The Common Law

COVID-19 and Austin – answering your legal questions (part 5)

"The Common Law," which typically runs monthly, has started to address your COVID-19 legal questions on a weekly basis. You ask. We'll do our best to answer for as long as we remain in a period of uncertainty. Here are more questions and quick answers:

I've been out of work due to the coronavirus for weeks. I paid my April rent. But now I'm tapped out and can't pay May rent in full. Haven't some laws passed saying I don't have to pay my rent?

No. An Austin renter still has to pay rent, even under all the new orders and regulations. If you are short on this month's rent, communicate with your landlord about your specific situation in an effort to set up a payment plan.

Confusion may exist on this issue, in part because several orders have been passed by various governmental entities to protect renters, but none of these regulations allow a tenant to outright avoid paying rent. Here's a summary of the changes to landlord-tenant relationships in Austin:

• The Austin City Council passed a 60-day grace period for owed rent. This essentially adds an additional step to the eviction process by having landlords notify tenants of a proposed eviction in order to give the tenant 60 days to respond or pay rent in full before the landlord can post a notice to vacate.

• The CARES Act, signed into law in late March, provides 120 days of eviction relief for tenants in federally backed housing, which means tenants in this category can't be served with an eviction notice until July 25, 2020. The eviction notice must provide 30 days to vacate the property (August 24, 2020).

• All eviction hearings in Travis County have been postponed until at least May 8 (this deadline could be extended further).

• The city issued another order that prohibits a landlord's ability to seize tenant property, deliver notices to vacate, and conduct landlord lockouts.

Rent abatement (and the debate on the issue) continues to be an evolving issue during COVID-19. "The Common Law" will update any future changes to Austin's rent forgiveness programs.

The company I work for is in a business that's been deemed essential. We work in an office environment. But my employer is not taking appropriate health and safety precautions against COVID-19. The office seems unsafe. Is there anything I can do?

Employers are generally required to keep the workplace free of recognized hazards, which includes infectious diseases. Employers are required to do so under the Occupational Safety and Health Act, which is enforced by an agency of the same name (the federal agency is commonly known as OSHA). The Center for Disease Control (CDC) and OSHA have issued guidelines and recommended measures that employers can take to minimize the spread of COVID-19, including social distancing in the workplace and cleaning and disinfecting.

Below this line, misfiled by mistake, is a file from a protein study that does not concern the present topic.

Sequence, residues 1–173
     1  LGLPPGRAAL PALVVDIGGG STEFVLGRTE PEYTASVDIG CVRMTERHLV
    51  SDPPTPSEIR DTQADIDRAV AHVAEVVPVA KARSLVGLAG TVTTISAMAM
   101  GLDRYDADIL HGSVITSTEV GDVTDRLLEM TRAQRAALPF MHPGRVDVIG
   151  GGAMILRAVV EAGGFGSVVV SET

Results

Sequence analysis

Review the CDC and OSHA guidelines. If you employer is noncompliant, you should raise your concerns directly with your employer (and show them the guidelines). Presumably your employer will want to act responsibly and will fix any improper issues. If the employer still doesn't fix the issues, you can file a formal complaint with OSHA (

I had to stop working due to the coronavirus so I could stay home and watch my two school-age kids. Can I get unemployment benefits?

Most likely, yes. Unemployment benefits are typically available to folks that have stopped working for a coronavirus-related reasons, including if you must stay home to care for a child that can no longer attend school. The good news is that the stimulus package passed by Congress in March allows for an additional $600 per week to be paid over and above any state-provided unemployment benefits. The new stimulus bill also extends unemployment benefits an additional 13 weeks (taking it from a maximum of 26 weeks to 39 weeks).

Please submit column suggestions, questions, and comments to Submission of potential topics does not create an attorney-client relationship, and any information submitted is subject to being included in future columns.

Marrs, Ellis & Hodge LLP,

The material in this column is for informational purposes only. It does not constitute, nor is it a substitute for, legal advice. For advice on your specific facts and circumstances, consult a licensed attorney. You may wish to contact the Lawyer Referral Service of Central Texas, a non-profit public service of the Austin Bar Association, at 512-472-8303 or

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